Butadiene is the weakest link

Will Beacham


(recasts, clarifying final paragraph)

BARCELONA (ICIS)–Butadiene (BD) has become the weakest link for cracker operators, as the collapsed automotive sector drags on demand for key derivatives such as styrene butadiene rubber (SBR) for tyre manufacture.

Even before the coronavirus pandemic took hold, BD had been under pressure following a multi-year slump in automotive production in many key markets. This had been triggered by the US-China trade war which hit consumer sentiment and slowed the global economy. Fears about pollution and the “dieselgate” scandal also contributed.

Then came the coronavirus restrictions with subsequent shutdowns of vast swathes of the global automotive sector. Although some manufacturers are planning to reopen production in May this is likely to be at very low operating rates and may take years to recover fully.

Major tyre and automotive companies including Bridgestone, Goodyear, Michelin, BMW, Daimler, Ford, General Motors, Honda, Nissan and Toyota have suspended operations  and shuttered their facilities worldwide amid the lockdowns, border closures, transport restrictions and travel bans imposed to contain the spread of the virus.

The coronavirus pandemic has disrupted supply chains and crippled demand in India, for example, as major tyre makers including Apollo, BKT, Ceat and MRF have suspended their operations due to the extended lockdown till 3 May.

India’s vehicle sales and production slumped. March vehicle sales in the south Asian country fell by 45% year on year to 1.05m, with production down 33.6% at 1.45m units.

ICIS analyst Ann Sun, who covers the China market, says downstream tyre demand is better there than in other regions, while there is also more substitution of SBR for natural rubber as SBR prices decline.

She adds: “There is better BD demand due to positive margins for synthetic rubber producers, and three suspended synthetic rubber plants are planning to restart, with two of these having purchased spot BD.”

However China is forecast to add 15% to its BD capacity in 2020 as new projects start up.

In the US, Amanda Hay who covers BD, says that tyre plants have been shut for a month, with an 18% drop in tyre shipments in 2020 forecast. Lion Elastomers was still running in April, but Goodyear, the top consumer of BD for tyres in the US, was not running.

The impact on BD and SBR markets has been severe, with prices crashing to record or multi-year lows.  The European BD contract reference price for May fell 38% to €325/tonne free delivered (FD) northwest Europe (NWE). This is the lowest BD CP seen since contracts moved to monthly in January 2011.

Spot prices were last assessed at $50-80/tonne FOB (free on board) ARA (Amsterdam, Rotterdam, Antwerp).

Other key cracker derivatives are holding up much better, despite the pandemic. Packaging, in particular, is holding up demand well for some derivatives such as polyethylene (PE) and polystyrene (PS). With naphtha feedstocks so cheap, margins are still strong so operators will want to maximise operating rates for as long as possible. This leaves them with the problem of coping with oversupply of butadiene.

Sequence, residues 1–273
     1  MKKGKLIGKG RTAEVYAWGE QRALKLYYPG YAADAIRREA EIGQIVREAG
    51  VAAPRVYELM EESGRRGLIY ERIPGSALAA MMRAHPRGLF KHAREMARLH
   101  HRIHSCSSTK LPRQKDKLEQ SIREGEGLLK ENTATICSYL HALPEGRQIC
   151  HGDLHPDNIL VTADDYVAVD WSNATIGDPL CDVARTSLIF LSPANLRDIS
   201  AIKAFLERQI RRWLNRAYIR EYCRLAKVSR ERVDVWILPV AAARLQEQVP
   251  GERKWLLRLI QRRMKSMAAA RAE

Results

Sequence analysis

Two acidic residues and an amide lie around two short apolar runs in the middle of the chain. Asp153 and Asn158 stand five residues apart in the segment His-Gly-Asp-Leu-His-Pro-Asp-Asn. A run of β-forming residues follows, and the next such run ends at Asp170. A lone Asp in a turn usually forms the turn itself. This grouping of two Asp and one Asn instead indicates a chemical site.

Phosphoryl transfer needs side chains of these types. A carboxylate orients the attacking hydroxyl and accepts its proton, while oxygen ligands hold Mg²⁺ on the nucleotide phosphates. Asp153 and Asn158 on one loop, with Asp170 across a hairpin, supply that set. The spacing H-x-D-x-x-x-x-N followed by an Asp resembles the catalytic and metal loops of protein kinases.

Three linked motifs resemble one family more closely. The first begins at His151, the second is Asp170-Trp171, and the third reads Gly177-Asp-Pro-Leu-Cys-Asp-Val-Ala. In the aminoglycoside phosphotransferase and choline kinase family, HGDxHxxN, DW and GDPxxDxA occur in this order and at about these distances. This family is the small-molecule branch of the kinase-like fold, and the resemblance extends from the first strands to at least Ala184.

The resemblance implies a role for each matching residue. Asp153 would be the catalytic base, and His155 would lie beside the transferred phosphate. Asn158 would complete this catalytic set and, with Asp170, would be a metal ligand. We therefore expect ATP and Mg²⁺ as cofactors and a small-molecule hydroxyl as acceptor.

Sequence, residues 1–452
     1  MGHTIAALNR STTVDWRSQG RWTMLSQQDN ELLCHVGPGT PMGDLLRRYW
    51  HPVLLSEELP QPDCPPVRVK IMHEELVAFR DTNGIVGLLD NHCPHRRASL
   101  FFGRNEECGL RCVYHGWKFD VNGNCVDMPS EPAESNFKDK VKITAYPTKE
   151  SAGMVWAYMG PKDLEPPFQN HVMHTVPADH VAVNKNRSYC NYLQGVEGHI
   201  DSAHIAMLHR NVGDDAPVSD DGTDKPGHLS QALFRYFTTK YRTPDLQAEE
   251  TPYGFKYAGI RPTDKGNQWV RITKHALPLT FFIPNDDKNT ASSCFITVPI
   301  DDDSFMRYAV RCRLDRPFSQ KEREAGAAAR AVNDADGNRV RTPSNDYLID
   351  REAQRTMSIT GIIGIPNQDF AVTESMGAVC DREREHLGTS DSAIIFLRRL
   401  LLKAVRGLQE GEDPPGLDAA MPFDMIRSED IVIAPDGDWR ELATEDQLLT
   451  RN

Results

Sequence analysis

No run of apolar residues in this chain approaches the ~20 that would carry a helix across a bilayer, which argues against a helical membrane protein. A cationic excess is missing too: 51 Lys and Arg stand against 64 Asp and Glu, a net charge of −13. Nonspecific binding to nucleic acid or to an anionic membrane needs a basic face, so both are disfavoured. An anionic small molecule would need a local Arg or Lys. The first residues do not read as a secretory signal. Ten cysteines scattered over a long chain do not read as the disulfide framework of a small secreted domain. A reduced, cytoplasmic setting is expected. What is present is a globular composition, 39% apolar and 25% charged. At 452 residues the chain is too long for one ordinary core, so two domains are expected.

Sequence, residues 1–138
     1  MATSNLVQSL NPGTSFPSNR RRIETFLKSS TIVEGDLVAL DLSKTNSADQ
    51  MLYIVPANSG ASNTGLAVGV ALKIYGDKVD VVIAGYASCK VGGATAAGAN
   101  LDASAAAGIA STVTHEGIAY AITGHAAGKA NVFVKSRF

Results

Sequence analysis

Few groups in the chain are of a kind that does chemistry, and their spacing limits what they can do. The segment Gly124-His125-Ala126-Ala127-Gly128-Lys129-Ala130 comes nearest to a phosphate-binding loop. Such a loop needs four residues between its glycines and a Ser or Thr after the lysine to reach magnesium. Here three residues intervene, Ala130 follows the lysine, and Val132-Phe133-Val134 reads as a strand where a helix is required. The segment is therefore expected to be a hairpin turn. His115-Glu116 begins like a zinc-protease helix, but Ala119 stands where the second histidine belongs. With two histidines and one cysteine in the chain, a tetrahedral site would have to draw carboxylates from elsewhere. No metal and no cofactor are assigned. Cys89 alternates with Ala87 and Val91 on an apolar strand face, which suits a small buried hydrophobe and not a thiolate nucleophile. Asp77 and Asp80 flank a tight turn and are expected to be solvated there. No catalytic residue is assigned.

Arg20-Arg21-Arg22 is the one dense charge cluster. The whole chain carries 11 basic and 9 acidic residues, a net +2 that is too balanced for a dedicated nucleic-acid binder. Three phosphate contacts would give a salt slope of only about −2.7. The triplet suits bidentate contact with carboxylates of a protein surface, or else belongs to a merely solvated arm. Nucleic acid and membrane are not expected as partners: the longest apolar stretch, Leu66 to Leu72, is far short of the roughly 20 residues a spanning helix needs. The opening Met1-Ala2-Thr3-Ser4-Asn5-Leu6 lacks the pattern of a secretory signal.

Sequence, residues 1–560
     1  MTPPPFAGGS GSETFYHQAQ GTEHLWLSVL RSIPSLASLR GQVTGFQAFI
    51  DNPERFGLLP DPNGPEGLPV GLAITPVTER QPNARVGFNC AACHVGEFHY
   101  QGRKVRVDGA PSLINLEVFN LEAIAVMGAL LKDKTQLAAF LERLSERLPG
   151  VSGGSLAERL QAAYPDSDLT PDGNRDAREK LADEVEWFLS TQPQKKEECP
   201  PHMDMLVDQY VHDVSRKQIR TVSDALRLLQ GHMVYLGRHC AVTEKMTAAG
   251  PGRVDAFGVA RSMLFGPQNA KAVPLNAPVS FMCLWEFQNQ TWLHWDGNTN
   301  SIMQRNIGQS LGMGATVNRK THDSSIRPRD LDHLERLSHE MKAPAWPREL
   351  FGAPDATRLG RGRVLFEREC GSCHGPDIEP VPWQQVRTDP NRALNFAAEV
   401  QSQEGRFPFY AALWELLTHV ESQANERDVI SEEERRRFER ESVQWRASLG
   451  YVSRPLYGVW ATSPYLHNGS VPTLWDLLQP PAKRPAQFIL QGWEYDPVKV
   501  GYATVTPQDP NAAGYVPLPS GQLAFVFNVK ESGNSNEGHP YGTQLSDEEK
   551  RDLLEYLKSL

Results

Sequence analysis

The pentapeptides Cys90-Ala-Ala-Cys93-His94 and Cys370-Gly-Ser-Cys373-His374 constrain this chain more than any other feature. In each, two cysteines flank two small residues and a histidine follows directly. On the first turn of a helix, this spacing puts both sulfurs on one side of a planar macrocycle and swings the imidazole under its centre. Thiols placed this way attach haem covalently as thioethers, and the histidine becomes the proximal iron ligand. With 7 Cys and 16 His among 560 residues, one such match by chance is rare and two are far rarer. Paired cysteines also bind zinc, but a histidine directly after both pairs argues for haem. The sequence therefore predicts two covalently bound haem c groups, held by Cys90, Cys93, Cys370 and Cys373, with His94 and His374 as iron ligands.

One solution being tried in Europe and the US is to ship it out to Asia in the hope of finding pockets of better demand there.

But there is no guarantee Asia demand will pick up, despite restrictions ending earlier there.

In Asia, the lockdowns may not be fully lifted until mid-May, at the earliest. Singapore has extended its partial lockdown until 1 June. If the tyre and auto sector in Asia starts to ramp up their production in June, this will help to boost sentiment and shore up the BD price.

Three vessels from Europe with around 30,000 tonnes of BD in total, are expected to be shipped out to Asia in May, with expected arrival in June.

According to Helen Yan, who covers Asia BD for ICIS: “This will put a lot of downward pressure on the BD price, and in view of the storage tank space, we may see distressed cargoes in Asia in due course, if the demand in China or elsewhere in Asia does not pick up by then.”

The BD price in Asia has dropped from $450 in early April to below $300/tonne CFR NE Asia due to the influx of BD from Europe and the US.

ICIS Europe olefins editor, Nel Weddle, believes European BD exports have leapt in February, March and April.

She adds: “With Asian BD prices at $300 or below it’s really hard to see how these volumes can continue to move across. We will be calling the traders involved to try to understand. We think ship owners are being helpful with freights as ethylene is sometimes combined on the vessel to help optimise things too.”

BD is not easily stored but cracker operators also have the option of feeding the product back through the cracker to produce other derivatives, known as co-cracking.

As Nel Weddle reports, European operators are maximising this technology, and even developing new ways to co-crack. In the past co-cracking at high rates ran the risk of coking up the cracker.

She said: “Someone told me last week that even the most co-crack averse players had embraced it. It seems this is the first time in ages that cracker products’ health diverged so dramatically to warrant it.”

To keep cracker operating, it is possible for profitable derivatives to subsidise others. With storage not really a long-term option, ICIS has heard an unconfirmed report of a company outside Asia selling BD into the region for free, with the buyer just paying for shipping.

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